Favorite Kansas City Things: September 2016 | redleafstyle.com


City Market Farmers Market

Favorite Kansas City Things: September 2016 | redleafstyle.com

If you’re looking for warty pumpkins, fairy tale pumpkins or just all-around different pumpkins, City Market is the place to go.

On the weekends, many of the farmers offer a variety of pumpkins in their stalls. Or, stop by the “pumpkin patch” in front of the Steamboat Arabia on Saturdays and Sundays from 8 a.m. to 3 p.m. through October. Juhl Greenhouse and Truck Farm, a local farm, hosts the pumpkin patch every year.

You’ll be able to find all kinds of pumpkins, gourds and winter squash for decorating, carving or eating.


City Market Coffee Roasters

Favorite Kansas City Things: September 2016 | redleafstyle.com

While you’re at City Market, stop by my favorite coffee shop in the city, City Market Coffee Roasters.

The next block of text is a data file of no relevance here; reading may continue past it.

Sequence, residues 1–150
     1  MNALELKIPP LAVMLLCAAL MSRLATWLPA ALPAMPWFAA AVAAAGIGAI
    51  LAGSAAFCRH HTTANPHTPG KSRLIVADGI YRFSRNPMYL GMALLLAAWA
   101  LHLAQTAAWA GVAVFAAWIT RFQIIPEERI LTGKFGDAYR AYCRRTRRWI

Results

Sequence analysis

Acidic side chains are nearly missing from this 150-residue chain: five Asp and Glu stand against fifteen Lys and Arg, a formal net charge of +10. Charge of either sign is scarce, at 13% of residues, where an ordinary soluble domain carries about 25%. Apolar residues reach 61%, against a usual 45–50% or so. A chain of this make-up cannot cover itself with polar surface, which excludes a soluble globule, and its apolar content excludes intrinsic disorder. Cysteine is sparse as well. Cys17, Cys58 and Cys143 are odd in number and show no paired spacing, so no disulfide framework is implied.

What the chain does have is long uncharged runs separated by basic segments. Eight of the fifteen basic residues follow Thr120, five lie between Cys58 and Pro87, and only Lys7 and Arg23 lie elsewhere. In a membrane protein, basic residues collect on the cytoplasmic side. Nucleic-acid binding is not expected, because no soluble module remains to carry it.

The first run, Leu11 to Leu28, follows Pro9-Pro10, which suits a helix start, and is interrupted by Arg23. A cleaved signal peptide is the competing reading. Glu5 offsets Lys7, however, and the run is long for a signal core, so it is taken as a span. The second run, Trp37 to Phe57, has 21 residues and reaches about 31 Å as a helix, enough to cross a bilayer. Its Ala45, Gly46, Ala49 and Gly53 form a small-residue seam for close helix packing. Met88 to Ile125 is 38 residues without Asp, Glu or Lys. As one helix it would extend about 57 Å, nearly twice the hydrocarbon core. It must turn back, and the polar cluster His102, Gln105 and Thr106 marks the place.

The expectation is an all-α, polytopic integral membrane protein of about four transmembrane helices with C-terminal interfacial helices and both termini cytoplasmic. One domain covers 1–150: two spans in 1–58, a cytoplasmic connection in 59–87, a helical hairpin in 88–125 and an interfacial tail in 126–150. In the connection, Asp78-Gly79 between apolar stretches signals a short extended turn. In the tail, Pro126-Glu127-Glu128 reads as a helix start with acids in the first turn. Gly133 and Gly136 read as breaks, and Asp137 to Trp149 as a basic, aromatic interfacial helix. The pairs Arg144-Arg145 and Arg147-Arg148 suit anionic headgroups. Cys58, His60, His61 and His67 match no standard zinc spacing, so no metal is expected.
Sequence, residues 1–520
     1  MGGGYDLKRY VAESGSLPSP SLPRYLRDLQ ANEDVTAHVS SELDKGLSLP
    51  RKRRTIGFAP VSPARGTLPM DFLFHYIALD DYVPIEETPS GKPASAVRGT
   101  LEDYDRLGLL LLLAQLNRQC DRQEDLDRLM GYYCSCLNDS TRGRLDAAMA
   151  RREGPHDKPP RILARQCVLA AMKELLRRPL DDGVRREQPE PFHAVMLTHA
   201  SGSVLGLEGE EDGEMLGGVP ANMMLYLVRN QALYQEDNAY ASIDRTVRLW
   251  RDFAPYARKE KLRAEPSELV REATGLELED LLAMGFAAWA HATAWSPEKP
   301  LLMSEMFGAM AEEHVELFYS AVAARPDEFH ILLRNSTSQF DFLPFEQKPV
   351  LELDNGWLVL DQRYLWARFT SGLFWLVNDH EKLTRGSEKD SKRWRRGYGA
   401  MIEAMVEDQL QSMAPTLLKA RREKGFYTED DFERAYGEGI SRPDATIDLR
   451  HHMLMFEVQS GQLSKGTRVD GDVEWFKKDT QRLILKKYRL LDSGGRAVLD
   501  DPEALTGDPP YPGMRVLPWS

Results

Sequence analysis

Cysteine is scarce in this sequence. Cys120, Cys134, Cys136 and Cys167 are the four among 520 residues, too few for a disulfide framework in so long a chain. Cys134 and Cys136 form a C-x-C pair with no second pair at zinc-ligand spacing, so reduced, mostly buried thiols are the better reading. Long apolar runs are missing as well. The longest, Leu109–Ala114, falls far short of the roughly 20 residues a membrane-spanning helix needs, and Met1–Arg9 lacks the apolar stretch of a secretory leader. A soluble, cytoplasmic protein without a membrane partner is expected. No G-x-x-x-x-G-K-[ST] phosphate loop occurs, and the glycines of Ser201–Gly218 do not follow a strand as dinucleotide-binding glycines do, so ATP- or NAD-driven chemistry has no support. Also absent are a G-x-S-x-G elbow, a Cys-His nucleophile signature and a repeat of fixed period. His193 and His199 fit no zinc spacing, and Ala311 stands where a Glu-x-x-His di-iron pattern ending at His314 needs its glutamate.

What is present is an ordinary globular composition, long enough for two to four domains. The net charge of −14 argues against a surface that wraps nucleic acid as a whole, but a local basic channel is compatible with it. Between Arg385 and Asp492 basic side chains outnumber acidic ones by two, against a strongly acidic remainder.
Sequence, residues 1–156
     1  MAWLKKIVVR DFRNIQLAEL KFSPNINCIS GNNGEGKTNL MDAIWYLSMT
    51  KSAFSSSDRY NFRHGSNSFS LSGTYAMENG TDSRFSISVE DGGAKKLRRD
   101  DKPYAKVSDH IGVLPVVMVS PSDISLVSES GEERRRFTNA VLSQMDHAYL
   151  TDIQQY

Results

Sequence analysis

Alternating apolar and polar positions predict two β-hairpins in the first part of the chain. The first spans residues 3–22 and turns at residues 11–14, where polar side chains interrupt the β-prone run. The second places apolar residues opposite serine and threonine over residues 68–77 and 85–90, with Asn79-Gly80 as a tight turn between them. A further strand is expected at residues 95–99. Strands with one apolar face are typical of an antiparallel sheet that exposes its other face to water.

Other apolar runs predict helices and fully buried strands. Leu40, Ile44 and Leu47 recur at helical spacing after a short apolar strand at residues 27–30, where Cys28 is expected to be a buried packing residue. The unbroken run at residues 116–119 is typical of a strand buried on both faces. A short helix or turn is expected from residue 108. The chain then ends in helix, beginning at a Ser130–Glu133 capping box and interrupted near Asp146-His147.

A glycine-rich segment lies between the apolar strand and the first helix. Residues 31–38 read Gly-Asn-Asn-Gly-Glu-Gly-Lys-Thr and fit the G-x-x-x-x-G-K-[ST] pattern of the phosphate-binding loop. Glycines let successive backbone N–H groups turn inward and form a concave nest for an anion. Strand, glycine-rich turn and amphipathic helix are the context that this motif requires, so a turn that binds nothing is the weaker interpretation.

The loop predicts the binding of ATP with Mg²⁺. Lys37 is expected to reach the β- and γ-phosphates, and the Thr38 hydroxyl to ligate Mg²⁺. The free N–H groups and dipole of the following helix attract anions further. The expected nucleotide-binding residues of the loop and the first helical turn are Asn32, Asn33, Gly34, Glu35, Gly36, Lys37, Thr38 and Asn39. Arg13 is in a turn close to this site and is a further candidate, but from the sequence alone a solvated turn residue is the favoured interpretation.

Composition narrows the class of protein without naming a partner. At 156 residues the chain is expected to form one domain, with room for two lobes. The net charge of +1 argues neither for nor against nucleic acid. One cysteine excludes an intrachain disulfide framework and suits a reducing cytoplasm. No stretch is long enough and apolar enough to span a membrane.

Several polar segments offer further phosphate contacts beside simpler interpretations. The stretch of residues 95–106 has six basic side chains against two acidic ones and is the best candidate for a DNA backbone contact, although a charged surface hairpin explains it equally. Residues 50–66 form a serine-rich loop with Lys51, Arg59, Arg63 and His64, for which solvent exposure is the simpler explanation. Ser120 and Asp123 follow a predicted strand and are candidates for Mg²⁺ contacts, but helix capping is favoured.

This local coffee shop roasts its own coffee beans, which are Fair Trade and organic.
And, if you’re craving a fall-themed drink, City Market Coffee Roasters has you covered. Ask for a pumpkin latte or a cinnamon cardamom latte made with homemade cinnamon cardamom syrup.

The coffee shop also just put in a new deck overlooking City Market Park. It’s a relaxing spot to enjoy the crisp fall air.


Related articles:
Favorite Kansas City Things: August 2016
Weekend in St. Louis
Travel Planning Board

Favorite Kansas City Things: August 2016

Favorite Kansas City Things: August 2016 | redleafstyle.com

It’s hard to put your finger on it exactly, but I think it’s safe to say that Kansas City, Mo., is experiencing a Renaissance of sorts. This cow town that straddles a border with Kansas City, Kan., has really come into itself over the past few years—and the nation is taking notice.